Deborah Persaud from Johns Hopkins gave an update on the "Mississippi Baby" – now nearly four years old – who just before the conference was found
to still have HIV after having had an undetectable viral load while off antiretroviral
therapy (ART) for more than two years.
Though disappointing for the child – who has resumed ART and is in good
health – "we have learned a lot from this case and it provides a strong
rationale for moving forward with a clinical trial" of very early
combination therapy for infants, Persaud said.
"We're looking at the moment at achieving long-term remission, and how
long can we go [without antiretrovirals]," said AIDS 2014 co-chair Sharon
Lewin from Monash University. "We've realised in the past year that the
virus can really hang around for a very long time and pop up unexpectedly."
The Mississippi case "shows we need much better tools to detect HIV"
in the body and "need to learn how to eliminate long-lived
Nicolas Chomont from the Vaccine and Gene Therapy Institute in Florida
reported on the development of a new assay called Tilda that – unlike current
tests used in cure research – uses only a small amount of blood, is less
expensive, and does not require specialised equipment. Tilda "can be
implemented in pretty much any lab in the world," according to Chomont.
Dan Barouch from Beth Israel Deaconess Medical Center described a study in
this week in Nature,
showing that HIV seeds itself in cell and tissue reservoirs very soon after
sexual exposure – even before viral load is detectable in the blood. Very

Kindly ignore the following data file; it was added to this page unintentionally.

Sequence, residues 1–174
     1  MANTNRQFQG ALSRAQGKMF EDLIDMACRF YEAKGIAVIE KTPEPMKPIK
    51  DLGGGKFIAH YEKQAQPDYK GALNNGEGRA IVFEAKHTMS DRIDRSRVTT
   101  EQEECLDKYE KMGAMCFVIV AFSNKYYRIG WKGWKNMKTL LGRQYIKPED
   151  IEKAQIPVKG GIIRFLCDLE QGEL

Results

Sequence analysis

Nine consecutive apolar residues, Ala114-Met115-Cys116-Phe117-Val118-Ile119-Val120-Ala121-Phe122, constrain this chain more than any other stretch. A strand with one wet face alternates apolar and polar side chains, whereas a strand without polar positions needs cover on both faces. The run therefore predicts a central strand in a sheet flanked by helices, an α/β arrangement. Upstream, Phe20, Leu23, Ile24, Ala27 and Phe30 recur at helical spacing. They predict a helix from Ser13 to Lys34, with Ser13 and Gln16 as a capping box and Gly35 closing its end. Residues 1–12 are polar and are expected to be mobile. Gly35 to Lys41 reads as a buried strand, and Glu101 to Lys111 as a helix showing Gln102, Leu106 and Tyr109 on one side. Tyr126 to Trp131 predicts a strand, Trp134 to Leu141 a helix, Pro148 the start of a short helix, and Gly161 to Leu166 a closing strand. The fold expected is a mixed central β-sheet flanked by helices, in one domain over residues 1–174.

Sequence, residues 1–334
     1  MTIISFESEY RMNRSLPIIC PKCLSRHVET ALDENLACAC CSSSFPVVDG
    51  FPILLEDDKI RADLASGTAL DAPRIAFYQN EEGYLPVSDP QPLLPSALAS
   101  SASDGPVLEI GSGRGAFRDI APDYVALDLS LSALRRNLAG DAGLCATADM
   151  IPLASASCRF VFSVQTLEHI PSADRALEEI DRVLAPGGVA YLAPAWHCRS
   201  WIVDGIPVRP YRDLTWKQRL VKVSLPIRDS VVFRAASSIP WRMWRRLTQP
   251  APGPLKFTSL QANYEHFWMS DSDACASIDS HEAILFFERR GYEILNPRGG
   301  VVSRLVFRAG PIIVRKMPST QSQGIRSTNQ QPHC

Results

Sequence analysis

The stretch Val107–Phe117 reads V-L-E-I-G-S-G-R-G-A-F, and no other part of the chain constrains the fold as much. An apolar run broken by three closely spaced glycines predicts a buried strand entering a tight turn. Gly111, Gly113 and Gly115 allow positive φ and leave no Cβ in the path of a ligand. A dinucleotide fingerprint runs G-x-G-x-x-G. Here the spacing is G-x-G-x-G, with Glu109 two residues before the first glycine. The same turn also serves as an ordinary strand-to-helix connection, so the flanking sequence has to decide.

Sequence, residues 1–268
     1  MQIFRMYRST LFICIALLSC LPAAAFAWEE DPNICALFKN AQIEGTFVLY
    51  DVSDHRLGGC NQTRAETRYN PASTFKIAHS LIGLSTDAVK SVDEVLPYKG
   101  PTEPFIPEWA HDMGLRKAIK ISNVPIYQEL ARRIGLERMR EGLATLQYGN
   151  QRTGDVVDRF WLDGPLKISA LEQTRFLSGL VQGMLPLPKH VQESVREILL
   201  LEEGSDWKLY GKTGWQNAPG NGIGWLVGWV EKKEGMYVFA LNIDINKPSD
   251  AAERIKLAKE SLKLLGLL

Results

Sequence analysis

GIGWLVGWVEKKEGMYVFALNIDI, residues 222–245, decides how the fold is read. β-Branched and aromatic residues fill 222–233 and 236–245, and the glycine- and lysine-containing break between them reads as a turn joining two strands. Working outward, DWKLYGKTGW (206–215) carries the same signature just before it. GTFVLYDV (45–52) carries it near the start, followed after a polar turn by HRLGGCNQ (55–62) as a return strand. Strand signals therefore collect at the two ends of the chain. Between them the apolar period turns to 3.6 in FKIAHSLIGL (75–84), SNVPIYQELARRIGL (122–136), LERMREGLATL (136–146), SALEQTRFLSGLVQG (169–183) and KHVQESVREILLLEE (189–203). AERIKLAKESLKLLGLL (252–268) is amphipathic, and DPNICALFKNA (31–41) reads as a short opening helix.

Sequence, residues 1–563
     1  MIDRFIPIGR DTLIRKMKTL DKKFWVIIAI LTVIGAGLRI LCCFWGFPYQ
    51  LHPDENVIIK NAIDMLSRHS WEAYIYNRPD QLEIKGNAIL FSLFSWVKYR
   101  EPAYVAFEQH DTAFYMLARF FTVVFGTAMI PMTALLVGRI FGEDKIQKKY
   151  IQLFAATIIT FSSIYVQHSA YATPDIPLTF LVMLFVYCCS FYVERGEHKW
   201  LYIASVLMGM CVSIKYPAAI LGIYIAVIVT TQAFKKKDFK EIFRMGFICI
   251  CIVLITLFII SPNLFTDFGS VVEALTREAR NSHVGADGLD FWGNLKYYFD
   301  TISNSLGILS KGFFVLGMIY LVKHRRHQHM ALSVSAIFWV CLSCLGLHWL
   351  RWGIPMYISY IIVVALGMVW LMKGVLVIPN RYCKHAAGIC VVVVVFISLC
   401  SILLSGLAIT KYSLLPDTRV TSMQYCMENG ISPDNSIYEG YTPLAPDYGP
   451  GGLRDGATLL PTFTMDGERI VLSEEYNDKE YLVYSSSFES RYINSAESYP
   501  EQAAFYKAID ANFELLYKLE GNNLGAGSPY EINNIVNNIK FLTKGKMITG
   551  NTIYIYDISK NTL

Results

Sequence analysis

early ART reduced the size of the reservoir, but it did not prevent
re-emergence of virus after treatment was stopped. "Even very early is not
early enough," Barouch said.
One strategy widely used in HIV cure research is dubbed "kick and
kill", the idea being to reactivate latent virus in resting cells. Once
the virus is "woken up" and starts replicating, it becomes visible to
the immune system and is susceptible to antiretrovirals.
Ole Schmeltz Søgaard from Aarhus University Hospital in Denmark described
his team's research using the HDAC inhibitor romidepsin to kick cells
containing dormant HIV out of their resting stage. In a small study of six people with long-term viral suppression on ART, romidepsin was indeed able to
activate latently infected cells, but "it doesn’t look like [this led to]
a significant reduction in the viral reservoir," Søgaard explained.
Results such as these indicate that neither very early antiretroviral
treatment nor agents that re-activate latent virus are likely to be enough to
enable a functional cure, or prolonged time off ART without disease
"The Mississippi and Boston
[bone marrow transplant] cases make me wonder if we will ever get rid of
the entire reservoir," said Steven Deeks from the University of California
at San Francisco. "We may get rid of big chunk of it...but we need a way
to control what's left." Deeks predicted that the cure field will move in
the direction of therapeutic vaccines or other immune-based therapies that can
be used in combination approaches.
"We should not oppose vaccine and cure research, and probably we will
need both," predicted IAS President Françoise Barré-Sinoussi. Added
Barouch, "It's two sides of the same coin."